Our Story Begins:
Having my first child scared the hell out of me. I have to be brutally honest.
I was really young, just about 24 when my oldest daughter was born. I had only been married a year. I grew up in a house with two brothers. My poor mother was surrounded by testosterone but it was all I knew.
So imagine my surprise when, still thinking of myself – mentally – as a kid myself I found out that not only was I having a child but that child was a girl. Then my second, in one of those moments when the hormone tests comes back with what doctors called an “anomaly” I knew with 100% certainty was a girl. We’d had an amniocentesis.
My wife and I were told after major complications with my second child’s birth she would likely be unable to have kids again. That turned out to be wrong, of course, not only did we have another child, we had twins.
But once I had that first child, my little girl, and held her for the first time in my arms . . . I was completely done for. I remember it, to this day. The little girl was cleaned up, they laid her on her mother’s chest, and her eyes were looking right at me. She began opening and closing her mouth, the movement of a hungry baby just minutes into the world.
Nothing I did throughout the years raising those girls ever told them or made them feel like there was anything about being a girl that should be different than if they were a boy. Don’t get me wrong, they met the challenges so many girls and women do in this life.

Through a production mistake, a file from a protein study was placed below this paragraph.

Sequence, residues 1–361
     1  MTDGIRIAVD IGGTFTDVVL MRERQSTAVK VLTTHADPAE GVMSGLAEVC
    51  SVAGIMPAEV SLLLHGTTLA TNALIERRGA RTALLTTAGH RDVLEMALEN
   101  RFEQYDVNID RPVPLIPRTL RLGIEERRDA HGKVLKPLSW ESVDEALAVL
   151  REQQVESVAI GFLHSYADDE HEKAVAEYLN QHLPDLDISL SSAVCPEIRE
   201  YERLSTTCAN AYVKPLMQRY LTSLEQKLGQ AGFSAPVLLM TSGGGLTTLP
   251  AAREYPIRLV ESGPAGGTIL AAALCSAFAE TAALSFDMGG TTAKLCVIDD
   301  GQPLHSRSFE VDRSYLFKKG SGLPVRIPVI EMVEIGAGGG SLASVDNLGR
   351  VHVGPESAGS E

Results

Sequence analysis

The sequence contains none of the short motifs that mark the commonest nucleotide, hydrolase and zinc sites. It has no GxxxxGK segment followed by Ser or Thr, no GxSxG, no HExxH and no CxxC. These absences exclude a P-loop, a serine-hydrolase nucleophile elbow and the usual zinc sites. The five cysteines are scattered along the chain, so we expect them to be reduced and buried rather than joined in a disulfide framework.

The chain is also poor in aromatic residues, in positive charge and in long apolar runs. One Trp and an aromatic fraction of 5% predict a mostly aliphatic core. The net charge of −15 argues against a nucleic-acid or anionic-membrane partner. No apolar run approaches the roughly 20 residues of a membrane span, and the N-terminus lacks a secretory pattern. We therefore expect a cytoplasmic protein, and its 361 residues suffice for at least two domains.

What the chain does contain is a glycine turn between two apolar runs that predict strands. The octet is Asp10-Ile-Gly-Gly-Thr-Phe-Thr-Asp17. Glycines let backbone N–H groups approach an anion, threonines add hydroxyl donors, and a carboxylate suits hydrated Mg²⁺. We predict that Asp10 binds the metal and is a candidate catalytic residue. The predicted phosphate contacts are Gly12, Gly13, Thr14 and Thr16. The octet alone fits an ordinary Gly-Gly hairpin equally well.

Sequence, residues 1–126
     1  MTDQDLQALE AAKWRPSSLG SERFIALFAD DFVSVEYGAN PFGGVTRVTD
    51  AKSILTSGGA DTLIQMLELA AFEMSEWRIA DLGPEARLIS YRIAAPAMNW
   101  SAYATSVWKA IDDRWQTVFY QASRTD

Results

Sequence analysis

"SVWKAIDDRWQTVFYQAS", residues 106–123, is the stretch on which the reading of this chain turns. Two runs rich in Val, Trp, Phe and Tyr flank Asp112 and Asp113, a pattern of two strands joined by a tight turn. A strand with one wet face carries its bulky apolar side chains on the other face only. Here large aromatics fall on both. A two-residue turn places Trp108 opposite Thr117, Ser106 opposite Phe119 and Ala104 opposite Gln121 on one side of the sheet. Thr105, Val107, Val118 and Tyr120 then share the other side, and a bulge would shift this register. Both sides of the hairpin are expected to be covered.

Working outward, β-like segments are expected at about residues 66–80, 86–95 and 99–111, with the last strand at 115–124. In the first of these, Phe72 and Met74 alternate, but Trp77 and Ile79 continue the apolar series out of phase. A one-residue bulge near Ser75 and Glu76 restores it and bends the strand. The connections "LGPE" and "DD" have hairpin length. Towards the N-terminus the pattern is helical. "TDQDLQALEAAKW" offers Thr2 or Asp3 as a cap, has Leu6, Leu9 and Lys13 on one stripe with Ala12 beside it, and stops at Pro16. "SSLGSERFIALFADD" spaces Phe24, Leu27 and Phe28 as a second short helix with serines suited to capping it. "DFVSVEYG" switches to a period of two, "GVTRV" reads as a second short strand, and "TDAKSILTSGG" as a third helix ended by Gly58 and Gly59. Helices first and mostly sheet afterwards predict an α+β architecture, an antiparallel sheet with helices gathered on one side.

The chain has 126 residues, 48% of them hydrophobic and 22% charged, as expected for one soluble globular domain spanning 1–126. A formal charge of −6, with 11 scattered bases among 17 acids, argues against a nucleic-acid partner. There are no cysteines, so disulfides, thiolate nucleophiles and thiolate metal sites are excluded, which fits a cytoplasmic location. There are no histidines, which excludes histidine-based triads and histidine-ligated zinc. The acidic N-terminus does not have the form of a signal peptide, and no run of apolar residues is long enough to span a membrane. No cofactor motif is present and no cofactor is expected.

This week, though, my middle daughter gave me an insanely flattering compliment that made me realize that I hadn’t treated them any differently.
“You never told me I couldn’t do anything,” my daughter told me.
I informed her that I always believed that she could do anything. If she wanted to be a rocket scientist and showed the inclination I’d have fully gotten on board with the idea. If she had no aptitude for science whatsoever, I would have steered her away, but not because she was a girl. I would have done it because, you know, she just couldn’t hack it in general.
“I wanted to play the guitar and you just looked at me and said ‘well then you’re going to have to learn and practice . . . a lot.”
I admitted I had said that very thing, a number of times.
“But I have friends who have people tell them all the time they can’t do things and it’s just because they are girls.”
I think it’s silly to tell your girls they cannot do something. My daughter may be one of the most talented musicians I know. My oldest is an amazing actress and director.
I never thought they needed to ‘Lean-In’. I told them – and I tell my sons – that they are who they are. They should never do less than their best nor should they act like less than the person they are for someone else.
It’s the greatest thing in the world to me that my daughter thinks that I supported her without reservation.
The fears I had about raising girls were not because of the thought that my girls would be less than the boys around them. It was that I worried I’d be thoroughly unprepared to help my kids succeed.
Imagine my surprise when my own daughter informed me that she believes I prepared her for anything the world may throw at her.
What about you? Do you give your daughters the support they need and deserve? Do you tell them there are things they cannot do?